By his own high standards, Australian captain Michael Clarke has had an abysmal Test series with the bat so far. Photo by: Themba Hadebe/AP

Australia have always believed that the best way to kill a snake is by chopping of its head, thereby meaning a calculated assault on the opposition’s captain will result in his team folding.

Glenn McGrath and Shane Warne were past masters at executing this tactic and the baton has been passed on successfully to Mitchell Johnson in the current Australian team. And Johnson has been full value in this rip-roaring Test series with South Africa, currently squared at 1-1 going into the Newlands decider this Saturday, dismissing Proteas skipper Graeme Smith in three of the four innings.

But while the Australians are focusing all their energies on Smith, their own leader Michael Clarke is in the midst of a form slump. Clarke has not only failed in four consecutive Test innings in South Africa, but his poor run stretches further back, with the Australian captain not managing more than 25, dating back to last three Ashes Tests.

In fact, Clarke only has a sum total of 160 runs in his last 11 innings overall.

Many believe the 33-year-old to be “the best batsman in the world”, but Clarke’s recent statistics do not suggest that, especially with the world’s official No 1 ranked Test batsman AB de Villiers registering a record 12th consecutive score of 50 or more in the St George’s Park second Test.

Clarke has not yet plunged to the depths of former Australian captain Mark Taylor who went 21 innings with a top score of 43 during 1996 and 1997, but after the 231-run thrashing in Port Elizabeth to the Proteas, the travelling Aussie media are starting to lose patience with the man they hailed not so long ago for returning the Ashes.

It was interesting to note the way Clarke responded to the questions about his lack of runs. Initially he teased that Shane Watson’s imminent return to the Australian could see him dropped, before becoming increasingly agitated as the scrutiny persisted from some of the senior members of the press contingent.

“Has it started?” Clarke asked earnestly, before continuing “Obviously I’d like to score a hundred every time I bat. I’m not looking forward to the next however many press conferences until I make a score over 25 or 50 or a hundred. I have been there before.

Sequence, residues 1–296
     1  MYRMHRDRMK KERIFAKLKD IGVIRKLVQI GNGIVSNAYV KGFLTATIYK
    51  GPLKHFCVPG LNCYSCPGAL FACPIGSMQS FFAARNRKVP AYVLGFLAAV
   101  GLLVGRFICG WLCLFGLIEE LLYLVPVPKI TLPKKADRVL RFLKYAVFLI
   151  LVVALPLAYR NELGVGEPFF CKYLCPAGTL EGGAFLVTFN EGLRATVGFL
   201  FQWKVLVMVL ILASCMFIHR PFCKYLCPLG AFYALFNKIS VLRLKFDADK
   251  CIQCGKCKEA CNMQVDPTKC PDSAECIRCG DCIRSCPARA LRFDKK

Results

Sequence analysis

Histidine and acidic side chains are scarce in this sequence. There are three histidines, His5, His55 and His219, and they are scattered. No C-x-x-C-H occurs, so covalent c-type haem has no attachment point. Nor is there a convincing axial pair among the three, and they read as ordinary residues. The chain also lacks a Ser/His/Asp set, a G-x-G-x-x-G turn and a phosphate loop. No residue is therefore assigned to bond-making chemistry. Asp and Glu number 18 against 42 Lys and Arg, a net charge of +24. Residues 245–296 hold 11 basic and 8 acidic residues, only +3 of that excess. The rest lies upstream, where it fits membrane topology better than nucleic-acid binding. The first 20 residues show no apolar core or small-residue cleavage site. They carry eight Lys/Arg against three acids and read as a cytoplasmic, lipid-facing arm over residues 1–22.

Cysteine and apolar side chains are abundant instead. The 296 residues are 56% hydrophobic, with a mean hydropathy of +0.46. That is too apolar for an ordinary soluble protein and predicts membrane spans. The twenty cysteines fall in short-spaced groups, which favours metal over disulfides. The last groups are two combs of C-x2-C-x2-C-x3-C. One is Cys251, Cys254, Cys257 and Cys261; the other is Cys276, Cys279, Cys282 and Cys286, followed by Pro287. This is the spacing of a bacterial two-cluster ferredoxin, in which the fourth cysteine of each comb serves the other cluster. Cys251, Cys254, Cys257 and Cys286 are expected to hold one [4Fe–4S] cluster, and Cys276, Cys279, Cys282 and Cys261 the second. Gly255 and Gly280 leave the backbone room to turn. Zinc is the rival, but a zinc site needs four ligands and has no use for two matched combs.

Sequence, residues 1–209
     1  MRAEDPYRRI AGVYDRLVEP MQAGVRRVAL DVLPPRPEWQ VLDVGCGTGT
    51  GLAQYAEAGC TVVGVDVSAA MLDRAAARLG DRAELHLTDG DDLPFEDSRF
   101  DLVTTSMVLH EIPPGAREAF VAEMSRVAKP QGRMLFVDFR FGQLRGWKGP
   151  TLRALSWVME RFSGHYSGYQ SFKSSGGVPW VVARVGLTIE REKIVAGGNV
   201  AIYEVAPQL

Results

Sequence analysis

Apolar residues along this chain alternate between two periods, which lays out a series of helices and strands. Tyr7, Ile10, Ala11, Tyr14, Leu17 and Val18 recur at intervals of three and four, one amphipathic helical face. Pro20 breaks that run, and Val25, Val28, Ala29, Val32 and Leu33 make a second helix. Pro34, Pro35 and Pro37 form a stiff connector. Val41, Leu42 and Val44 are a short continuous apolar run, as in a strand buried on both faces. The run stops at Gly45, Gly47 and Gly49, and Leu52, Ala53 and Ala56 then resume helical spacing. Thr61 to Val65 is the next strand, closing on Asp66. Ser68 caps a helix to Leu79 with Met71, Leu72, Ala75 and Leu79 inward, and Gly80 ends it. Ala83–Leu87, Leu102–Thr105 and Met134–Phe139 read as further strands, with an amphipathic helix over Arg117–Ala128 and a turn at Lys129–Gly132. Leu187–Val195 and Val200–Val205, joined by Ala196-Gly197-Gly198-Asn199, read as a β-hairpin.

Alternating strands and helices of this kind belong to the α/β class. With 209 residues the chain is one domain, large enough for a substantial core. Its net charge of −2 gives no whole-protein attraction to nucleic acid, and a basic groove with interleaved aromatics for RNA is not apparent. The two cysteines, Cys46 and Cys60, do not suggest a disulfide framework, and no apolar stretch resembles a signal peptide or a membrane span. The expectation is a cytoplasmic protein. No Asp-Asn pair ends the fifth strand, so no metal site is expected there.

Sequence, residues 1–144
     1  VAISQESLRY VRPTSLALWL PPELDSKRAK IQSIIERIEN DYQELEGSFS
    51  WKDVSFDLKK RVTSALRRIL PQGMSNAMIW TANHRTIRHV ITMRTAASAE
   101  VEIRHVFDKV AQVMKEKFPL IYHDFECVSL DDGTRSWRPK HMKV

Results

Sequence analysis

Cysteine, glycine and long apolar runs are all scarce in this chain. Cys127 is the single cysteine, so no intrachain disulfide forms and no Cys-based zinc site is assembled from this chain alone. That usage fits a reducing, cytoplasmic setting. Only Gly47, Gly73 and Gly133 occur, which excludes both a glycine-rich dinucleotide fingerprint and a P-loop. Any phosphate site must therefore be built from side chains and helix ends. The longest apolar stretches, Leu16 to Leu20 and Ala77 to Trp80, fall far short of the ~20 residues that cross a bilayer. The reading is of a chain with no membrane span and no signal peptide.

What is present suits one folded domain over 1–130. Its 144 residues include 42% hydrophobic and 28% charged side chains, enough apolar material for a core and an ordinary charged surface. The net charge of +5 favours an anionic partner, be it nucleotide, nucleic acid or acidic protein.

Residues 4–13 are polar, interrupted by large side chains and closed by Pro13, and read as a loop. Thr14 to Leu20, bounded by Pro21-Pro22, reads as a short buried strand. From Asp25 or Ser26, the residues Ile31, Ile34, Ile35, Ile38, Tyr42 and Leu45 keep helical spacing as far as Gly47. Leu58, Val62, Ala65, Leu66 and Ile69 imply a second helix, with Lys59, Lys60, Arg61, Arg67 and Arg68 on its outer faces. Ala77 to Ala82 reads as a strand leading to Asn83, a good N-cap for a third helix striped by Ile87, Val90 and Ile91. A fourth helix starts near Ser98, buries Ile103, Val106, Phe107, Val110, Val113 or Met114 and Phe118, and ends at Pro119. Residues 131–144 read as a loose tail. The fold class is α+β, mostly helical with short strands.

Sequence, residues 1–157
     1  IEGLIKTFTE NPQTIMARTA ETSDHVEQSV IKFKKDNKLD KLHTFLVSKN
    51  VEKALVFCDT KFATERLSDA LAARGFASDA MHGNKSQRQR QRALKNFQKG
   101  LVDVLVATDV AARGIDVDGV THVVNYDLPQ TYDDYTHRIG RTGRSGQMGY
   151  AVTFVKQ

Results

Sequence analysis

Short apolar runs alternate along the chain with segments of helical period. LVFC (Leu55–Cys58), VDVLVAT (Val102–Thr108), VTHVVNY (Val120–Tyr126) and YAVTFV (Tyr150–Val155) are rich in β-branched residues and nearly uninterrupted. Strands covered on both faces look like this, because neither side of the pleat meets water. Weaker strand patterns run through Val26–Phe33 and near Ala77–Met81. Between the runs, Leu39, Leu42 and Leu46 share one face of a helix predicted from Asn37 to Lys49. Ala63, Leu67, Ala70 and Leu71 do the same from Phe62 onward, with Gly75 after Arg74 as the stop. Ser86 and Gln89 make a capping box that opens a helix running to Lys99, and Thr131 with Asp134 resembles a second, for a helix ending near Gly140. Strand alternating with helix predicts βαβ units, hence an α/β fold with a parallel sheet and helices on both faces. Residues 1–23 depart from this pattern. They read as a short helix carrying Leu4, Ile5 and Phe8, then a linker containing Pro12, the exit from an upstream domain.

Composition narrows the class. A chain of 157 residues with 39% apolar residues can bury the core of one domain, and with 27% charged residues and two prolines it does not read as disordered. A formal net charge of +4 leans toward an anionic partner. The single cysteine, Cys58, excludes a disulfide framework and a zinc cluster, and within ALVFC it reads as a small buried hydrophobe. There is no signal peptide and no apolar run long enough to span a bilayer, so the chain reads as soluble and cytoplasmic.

“The one thing I will say is that in this game of cricket you have some great times and I remember those fondly. I haven’t made as many runs as I would have liked but I feel like I’m working as hard as I (ever) have been.

“I’m hitting the ball sweet. I think my shot selection was extremely poor with my dismissal. I’ve got to be better than that.”

Clarke keeps reminding everyone that he “is due” and Cape Town has been a personal happy hunting for ground for him, especially taking into account the marvellous 151 he scored when these two teams last met in the shadow of Table Mountain. But he is not likely to receive any let-up from Dale Steyn.

South Africa’s talisman was in awe-inspiring form on the fourth afternoon in PE with his dismissal of Clarke being the catalyst to Australia losing nine wickets in one disastrous session. Steyn’s dominance of Pakistan opener Mohammed Hafeez is well-documented, but it is a noticeable fact that Clarke is actually the batsman the “Steyn Remover” has dismissed the most – nine times in 13 Test matches – during his career.

It is a notable achievement, giving value to the theory that Steyn dismisses the big players of the game, and does not inflate his ever-expanding wicket tally with a host of tailenders.

Clarke was gracious in his praise of his arch-nemesis Steyn’s five-over spell that brought 3/11 which ultimately decided the Test match and swung the series momentum in the Proteas’ favour. South Africa will hope that it does not inspire the Australian captain to work hard at his game this week and prove what a quality batsman he really is. - Cape Times